Every time I use the word “green”, I cringe inwardly. The word strikes me at best as trendy, and at worst as pretentious. I can guarantee that I am not trendy, and I fervently hope that I am not pretentious. However, for the time being, it seems the most efficient way to communicate, and until another monosyllabic term presents itself, I’ll make do with offering my own very subjective and unquantifiable definition.
So, when on my blog, where you read “green”, decode it as:
- safe for humans, especially children, and animals, both wild and domesticated
- non-damaging to the environment
- not problematic for future generations
- sustainable or renewable
- sensible and responsible
Did I leave off “natural” and “organic” on purpose? Glad you asked. Yes, I did. For the purpose of my personal definition here, I am steering clear of fuzzy or legal terms. Natural does not always equal safe, and as you can see from countless labels, many people would argue that everything is natural since everything originated in the earth, no matter how far removed it may now be. As for “organic,” while the legal definition is well and good, I certainly know many excellent farms and ranches that have chosen, for a variety of reasons, not to pursue organic certification. Their practices still follow all the bullets in my list above.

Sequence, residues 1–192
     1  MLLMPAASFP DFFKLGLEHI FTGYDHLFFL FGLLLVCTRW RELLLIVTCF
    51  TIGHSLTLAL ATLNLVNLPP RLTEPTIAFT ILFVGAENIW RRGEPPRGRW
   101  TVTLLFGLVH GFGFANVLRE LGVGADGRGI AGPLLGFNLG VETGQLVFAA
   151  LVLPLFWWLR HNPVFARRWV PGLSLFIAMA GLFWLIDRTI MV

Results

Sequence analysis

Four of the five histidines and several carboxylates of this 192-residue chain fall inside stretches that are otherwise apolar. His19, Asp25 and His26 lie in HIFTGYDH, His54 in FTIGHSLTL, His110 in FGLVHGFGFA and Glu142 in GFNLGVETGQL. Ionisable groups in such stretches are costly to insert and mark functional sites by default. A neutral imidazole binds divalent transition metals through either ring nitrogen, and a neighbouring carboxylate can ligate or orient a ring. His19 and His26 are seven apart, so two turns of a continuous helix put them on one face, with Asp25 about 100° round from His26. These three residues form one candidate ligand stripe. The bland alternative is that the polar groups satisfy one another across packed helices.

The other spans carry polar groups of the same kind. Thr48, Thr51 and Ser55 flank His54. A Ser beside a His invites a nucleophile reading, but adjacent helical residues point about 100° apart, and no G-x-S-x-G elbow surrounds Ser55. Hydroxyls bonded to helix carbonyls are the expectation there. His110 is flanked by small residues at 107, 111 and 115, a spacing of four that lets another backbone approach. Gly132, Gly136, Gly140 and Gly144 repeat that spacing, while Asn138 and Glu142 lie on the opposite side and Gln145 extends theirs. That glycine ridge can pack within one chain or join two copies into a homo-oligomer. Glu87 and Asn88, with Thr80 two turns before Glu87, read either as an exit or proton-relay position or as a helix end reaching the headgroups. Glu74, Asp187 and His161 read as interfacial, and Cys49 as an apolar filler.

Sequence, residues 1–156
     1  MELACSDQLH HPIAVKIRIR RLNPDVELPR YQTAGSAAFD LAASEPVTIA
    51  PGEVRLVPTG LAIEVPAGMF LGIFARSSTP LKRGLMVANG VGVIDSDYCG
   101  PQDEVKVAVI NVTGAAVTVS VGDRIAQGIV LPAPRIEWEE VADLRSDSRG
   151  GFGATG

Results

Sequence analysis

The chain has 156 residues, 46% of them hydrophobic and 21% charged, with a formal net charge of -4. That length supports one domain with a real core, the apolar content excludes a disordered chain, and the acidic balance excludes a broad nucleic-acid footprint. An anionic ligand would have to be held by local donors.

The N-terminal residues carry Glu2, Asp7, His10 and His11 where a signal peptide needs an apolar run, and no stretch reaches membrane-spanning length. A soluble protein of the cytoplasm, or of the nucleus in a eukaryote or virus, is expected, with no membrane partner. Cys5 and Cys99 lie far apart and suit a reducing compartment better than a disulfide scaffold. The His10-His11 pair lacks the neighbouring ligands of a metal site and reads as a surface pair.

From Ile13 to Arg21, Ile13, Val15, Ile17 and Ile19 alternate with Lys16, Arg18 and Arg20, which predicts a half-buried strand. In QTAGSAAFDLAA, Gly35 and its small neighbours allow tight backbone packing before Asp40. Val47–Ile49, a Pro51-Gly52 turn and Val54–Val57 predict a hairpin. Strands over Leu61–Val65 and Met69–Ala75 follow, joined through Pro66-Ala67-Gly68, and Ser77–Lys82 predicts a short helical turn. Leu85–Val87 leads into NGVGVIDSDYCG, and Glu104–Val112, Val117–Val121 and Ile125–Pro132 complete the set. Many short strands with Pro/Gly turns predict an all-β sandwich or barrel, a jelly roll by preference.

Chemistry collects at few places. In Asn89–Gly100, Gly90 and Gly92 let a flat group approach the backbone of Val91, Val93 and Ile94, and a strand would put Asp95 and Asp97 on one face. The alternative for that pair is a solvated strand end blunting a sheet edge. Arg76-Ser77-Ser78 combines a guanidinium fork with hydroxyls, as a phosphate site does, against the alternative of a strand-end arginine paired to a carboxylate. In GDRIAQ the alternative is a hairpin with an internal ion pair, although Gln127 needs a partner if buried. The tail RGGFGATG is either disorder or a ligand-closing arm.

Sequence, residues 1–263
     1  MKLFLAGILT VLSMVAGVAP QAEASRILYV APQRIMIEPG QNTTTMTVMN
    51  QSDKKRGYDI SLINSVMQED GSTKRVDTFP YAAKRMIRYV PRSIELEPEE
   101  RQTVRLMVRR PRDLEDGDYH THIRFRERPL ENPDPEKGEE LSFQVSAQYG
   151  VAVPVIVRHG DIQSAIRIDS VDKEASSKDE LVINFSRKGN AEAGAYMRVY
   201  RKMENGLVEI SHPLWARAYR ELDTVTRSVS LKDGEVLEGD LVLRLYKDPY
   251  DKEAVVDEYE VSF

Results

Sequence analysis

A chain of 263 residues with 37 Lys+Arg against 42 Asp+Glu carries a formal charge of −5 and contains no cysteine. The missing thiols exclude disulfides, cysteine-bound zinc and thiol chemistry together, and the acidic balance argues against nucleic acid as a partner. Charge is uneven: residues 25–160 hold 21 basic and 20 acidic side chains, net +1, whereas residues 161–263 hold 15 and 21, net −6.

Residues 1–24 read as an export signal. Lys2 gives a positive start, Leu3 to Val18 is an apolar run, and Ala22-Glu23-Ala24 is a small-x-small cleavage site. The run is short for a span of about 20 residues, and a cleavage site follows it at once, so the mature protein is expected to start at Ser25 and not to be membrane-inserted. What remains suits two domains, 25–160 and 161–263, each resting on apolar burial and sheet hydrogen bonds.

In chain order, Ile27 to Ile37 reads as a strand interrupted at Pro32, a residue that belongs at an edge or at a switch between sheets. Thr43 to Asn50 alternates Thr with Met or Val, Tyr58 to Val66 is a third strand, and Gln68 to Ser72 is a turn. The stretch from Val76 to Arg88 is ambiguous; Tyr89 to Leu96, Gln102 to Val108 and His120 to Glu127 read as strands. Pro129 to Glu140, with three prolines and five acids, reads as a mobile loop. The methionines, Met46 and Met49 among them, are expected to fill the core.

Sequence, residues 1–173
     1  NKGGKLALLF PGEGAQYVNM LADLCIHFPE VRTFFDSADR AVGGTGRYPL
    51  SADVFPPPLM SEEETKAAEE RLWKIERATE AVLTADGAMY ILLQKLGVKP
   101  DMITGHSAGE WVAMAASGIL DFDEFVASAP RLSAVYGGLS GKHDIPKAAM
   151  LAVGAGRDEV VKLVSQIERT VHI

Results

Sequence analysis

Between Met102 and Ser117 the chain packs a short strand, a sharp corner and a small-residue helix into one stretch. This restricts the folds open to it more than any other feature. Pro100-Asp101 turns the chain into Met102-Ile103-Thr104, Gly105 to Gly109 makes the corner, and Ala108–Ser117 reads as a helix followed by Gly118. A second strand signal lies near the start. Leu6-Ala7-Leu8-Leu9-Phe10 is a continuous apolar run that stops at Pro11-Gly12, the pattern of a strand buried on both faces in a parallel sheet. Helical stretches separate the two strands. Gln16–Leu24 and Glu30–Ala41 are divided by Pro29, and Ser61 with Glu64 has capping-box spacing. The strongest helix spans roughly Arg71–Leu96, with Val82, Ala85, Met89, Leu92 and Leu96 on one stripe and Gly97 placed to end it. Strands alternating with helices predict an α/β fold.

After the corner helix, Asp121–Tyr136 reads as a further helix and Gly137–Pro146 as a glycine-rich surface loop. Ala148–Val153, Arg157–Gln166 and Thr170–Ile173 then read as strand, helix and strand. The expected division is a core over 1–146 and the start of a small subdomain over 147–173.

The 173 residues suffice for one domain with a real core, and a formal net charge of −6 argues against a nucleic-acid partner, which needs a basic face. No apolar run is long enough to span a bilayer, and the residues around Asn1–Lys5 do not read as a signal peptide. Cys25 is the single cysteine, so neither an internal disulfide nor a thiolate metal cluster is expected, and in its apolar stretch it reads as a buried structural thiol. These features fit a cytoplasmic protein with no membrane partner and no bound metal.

In all this, though, there is the added element of making do with what you have. I think that is part of “green-ness” as well. In certain areas, being green (remember – safe, non-damaging, non-problematic, etc.) is more expensive, more time consuming, and requires more thought. Who isn’t running short on at least one of these, if not all three? The last thing I want, is for someone to throw in their vinegar-and-baking-soda-with- a-touch-of-tea-tree-oil towel because they can’t commit 100%.
So, whether you’re just turning a bright spring green, or you’re maturing into a deep, lush forest green, you’re going green with me.